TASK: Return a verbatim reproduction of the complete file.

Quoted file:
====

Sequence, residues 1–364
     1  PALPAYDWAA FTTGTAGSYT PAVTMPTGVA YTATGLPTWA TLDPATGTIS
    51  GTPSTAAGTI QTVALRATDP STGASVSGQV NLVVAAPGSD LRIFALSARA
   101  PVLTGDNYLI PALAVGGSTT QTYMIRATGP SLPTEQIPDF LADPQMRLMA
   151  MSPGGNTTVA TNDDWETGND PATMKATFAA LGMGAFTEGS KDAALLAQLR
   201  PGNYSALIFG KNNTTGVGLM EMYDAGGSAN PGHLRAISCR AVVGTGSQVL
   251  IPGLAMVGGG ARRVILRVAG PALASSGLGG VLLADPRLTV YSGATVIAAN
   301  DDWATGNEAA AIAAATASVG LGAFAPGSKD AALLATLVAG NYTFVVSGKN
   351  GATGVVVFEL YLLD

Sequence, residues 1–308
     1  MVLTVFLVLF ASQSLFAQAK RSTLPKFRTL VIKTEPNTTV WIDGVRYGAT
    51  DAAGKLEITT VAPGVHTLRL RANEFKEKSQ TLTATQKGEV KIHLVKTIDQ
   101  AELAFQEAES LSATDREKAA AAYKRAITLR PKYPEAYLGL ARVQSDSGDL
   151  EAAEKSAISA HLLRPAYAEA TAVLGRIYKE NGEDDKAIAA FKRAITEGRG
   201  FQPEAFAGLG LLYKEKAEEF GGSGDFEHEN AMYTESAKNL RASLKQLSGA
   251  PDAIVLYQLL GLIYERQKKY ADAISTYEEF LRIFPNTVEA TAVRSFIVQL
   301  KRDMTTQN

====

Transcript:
Sequence, residues 1–364
     1  PALPAYDWAA FTTGTAGSYT PAVTMPTGVA YTATGLPTWA TLDPATGTIS
    51  GTPSTAAGTI QTVALRATDP STGASVSGQV NLVVAAPGSD LRIFALSARA
   101  PVLTGDNYLI PALAVGGSTT QTYMIRATGP SLPTEQIPDF LADPQMRLMA
   151  MSPGGNTTVA TNDDWETGND PATMKATFAA LGMGAFTEGS KDAALLAQLR
   201  PGNYSALIFG KNNTTGVGLM EMYDAGGSAN PGHLRAISCR AVVGTGSQVL
   251  IPGLAMVGGG ARRVILRVAG PALASSGLGG VLLADPRLTV YSGATVIAAN
   301  DDWATGNEAA AIAAATASVG LGAFAPGSKD AALLATLVAG NYTFVVSGKN
   351  GATGVVVFEL YLLD

Sequence, residues 1–308
     1  MVLTVFLVLF ASQSLFAQAK RSTLPKFRTL VIKTEPNTTV WIDGVRYGAT
    51  DAAGKLEITT VAPGVHTLRL RANEFKEKSQ TLTATQKGEV KIHLVKTIDQ
   101  AELAFQEAES LSATDREKAA AAYKRAITLR PKYPEAYLGL ARVQSDSGDL
   151  EAAEKSAISA HLLRPAYAEA TAVLGRIYKE NGEDDKAIAA FKRAITEGRG
   201  FQPEAFAGLG LLYKEKAEEF GGSGDFEHEN AMYTESAKNL RASLKQLSGA
   251  PDAIVLYQLL GLIYERQKKY ADAISTYEEF LRIFPNTVEA TAVRSFIVQL
   301  KRDMTTQN